You probably know what you're getting into with a movie starring Sylvester Stallone as a prison-break specialist, right? It's basically the same deal as a Sylvester Stallone mountain-climbing movie, or a Sylvester Stallone bomb-squad thriller. In this variation, Stallone would run afoul of an evil warden who tries to destroy him by trapping him in an inescapable prison. And that is basically the plot of Escape Plan. The prison is supposedly a secret CIA site where the baddest of the bad guys are stashed away from pesky problems like, oh, say, "the legal system," or "rights." And Stallone's nemesis is played by Jim Caviezel as a purring control freak of a warden. That, really, should be just about that.
Except Escape Plan is actually somehow a lot of fun. Don't get me wrong; it's dumb fun, and sometimes it's a lot more dumb than fun, but on the whole, it's a surprisingly good time. Caviezel, for example, is a lot of fun to watch, taking his line readings to Walken-esque extremes. Vincent D'Onofrio seems to be stuck in twitchy mode as Stallone's germ-phobic partner in the prison-break business, and Stallone's other co-workers, played by a wasted Amy Ryan and a laughably bad Curtis "50 Cent" Jackson hiding behind a pair of glasses, are fairly forgettable.
But the best part of Escape Plan is undoubtedly Arnold Schwarzenegger as a mysterious prisoner in the un-break-out-able jail. In the few movies released since Schwarzenegger's return to acting, he hasn't seemed entirely sure-footed, either taking himself too seriously or forgetting how to play himself on screen. Escape Plan is the first movie where he's finally found his old rhythm. Here, he's the comic relief, the mouthy can-you-believe-this-shit sidekick, and he plays it like a hammy child in a school play. He's not convincing as an intelligent man of mystery, but he also knows we're not going to see this movie because we want to see something convincing. So instead, he plays it over-the-top, and even though he's a lot less muscular than the Arnold we remember, and though his hair is graying, you can't help but be swept up in the fun he's having.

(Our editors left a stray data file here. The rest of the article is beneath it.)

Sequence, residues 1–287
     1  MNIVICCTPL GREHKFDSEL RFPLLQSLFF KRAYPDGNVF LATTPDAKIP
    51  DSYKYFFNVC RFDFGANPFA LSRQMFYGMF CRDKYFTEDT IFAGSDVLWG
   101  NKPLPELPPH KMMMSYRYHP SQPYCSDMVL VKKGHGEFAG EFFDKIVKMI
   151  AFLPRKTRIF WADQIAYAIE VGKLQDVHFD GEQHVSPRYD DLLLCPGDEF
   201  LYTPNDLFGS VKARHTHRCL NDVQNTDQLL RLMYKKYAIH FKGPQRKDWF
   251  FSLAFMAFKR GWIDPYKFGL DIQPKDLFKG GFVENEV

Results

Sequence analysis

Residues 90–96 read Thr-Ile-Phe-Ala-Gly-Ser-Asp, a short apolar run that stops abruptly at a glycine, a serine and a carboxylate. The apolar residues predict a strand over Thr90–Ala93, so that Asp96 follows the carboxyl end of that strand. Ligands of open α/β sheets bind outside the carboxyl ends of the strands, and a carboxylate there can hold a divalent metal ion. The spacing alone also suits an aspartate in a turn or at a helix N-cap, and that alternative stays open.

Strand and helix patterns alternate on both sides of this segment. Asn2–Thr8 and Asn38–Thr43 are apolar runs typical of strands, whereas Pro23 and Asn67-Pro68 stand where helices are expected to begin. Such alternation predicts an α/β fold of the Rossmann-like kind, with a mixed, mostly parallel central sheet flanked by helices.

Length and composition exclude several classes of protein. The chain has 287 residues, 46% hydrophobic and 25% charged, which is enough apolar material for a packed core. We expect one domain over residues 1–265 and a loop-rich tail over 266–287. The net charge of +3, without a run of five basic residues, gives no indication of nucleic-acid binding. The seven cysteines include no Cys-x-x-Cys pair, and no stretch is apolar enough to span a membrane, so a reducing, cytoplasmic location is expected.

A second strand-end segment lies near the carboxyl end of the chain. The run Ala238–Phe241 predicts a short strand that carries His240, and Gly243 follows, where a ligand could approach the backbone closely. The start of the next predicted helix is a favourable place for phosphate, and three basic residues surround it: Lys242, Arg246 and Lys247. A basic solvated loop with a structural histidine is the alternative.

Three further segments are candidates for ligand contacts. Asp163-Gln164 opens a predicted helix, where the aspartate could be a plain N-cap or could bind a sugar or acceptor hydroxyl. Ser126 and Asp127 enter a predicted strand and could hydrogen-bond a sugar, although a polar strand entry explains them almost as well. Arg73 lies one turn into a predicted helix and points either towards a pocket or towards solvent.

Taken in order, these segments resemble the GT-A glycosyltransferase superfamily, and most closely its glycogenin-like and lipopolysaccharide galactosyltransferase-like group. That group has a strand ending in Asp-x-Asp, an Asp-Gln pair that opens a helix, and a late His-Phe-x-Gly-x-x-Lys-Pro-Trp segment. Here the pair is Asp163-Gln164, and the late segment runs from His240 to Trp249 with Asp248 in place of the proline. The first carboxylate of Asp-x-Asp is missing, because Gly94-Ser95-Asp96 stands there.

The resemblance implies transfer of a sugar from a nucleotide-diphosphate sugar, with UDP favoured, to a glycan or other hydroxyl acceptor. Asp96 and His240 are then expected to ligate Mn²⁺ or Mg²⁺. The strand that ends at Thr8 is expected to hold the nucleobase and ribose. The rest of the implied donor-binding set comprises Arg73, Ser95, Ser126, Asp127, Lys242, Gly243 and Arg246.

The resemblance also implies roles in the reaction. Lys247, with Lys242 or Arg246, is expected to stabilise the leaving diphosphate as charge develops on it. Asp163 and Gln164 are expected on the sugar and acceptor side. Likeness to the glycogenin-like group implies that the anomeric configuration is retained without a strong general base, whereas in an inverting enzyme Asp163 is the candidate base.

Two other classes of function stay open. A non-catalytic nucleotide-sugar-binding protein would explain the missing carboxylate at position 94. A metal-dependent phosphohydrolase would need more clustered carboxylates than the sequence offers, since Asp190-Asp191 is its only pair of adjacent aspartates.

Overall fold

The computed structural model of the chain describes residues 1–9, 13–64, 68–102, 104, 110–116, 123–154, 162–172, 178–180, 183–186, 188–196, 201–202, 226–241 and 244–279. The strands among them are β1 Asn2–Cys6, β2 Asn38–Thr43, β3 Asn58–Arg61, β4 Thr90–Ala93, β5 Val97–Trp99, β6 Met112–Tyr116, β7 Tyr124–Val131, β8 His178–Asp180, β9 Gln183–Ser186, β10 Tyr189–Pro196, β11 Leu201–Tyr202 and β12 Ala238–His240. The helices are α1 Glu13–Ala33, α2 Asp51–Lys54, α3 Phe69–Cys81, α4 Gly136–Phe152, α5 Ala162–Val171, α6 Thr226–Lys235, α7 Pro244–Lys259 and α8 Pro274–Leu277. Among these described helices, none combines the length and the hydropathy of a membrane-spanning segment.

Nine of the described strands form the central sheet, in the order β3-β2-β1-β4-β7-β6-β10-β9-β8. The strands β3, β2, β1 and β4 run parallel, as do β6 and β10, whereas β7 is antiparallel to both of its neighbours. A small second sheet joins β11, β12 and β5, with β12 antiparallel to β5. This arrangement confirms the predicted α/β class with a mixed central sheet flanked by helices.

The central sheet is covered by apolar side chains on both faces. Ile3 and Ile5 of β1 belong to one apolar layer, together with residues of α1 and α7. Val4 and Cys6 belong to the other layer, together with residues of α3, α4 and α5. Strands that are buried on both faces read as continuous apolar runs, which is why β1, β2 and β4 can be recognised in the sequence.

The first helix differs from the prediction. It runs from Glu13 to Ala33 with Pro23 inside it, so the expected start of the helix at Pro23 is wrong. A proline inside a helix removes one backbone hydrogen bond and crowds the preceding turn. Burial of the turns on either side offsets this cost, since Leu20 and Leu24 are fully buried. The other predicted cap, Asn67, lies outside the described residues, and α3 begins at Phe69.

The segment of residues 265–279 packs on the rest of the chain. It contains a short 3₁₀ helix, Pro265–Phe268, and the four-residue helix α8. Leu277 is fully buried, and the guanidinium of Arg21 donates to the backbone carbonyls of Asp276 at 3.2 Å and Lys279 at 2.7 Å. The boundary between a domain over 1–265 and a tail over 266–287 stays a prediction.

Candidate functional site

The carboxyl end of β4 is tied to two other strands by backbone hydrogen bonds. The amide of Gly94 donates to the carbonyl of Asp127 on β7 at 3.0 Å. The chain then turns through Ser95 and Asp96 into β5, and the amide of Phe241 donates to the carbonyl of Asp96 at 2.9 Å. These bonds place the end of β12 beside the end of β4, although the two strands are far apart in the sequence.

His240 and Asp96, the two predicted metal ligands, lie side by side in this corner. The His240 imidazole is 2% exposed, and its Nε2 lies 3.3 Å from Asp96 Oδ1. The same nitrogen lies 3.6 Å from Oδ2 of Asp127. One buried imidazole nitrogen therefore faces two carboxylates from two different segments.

You kind of wish, in fact, that Schwarzenegger's sense of frivolity would rub off onto Stallone. Just as in the Expendables franchise and Bullet to the Head, late-stage Stallone is dense and rugged and barely lifelike. With a slightly more self-aware script and a more nimble protagonist—say, Bruce Willis or The Rock—Escape Plan could have maybe risen to true trash-cinema greatness, alongside Face/Off and Con Air and The Rundown. But because Stallone can't seem to learn any new tricks, we'll just have to make do with a much-better-than-average release from the 90s Action Hero Old Folk's Home.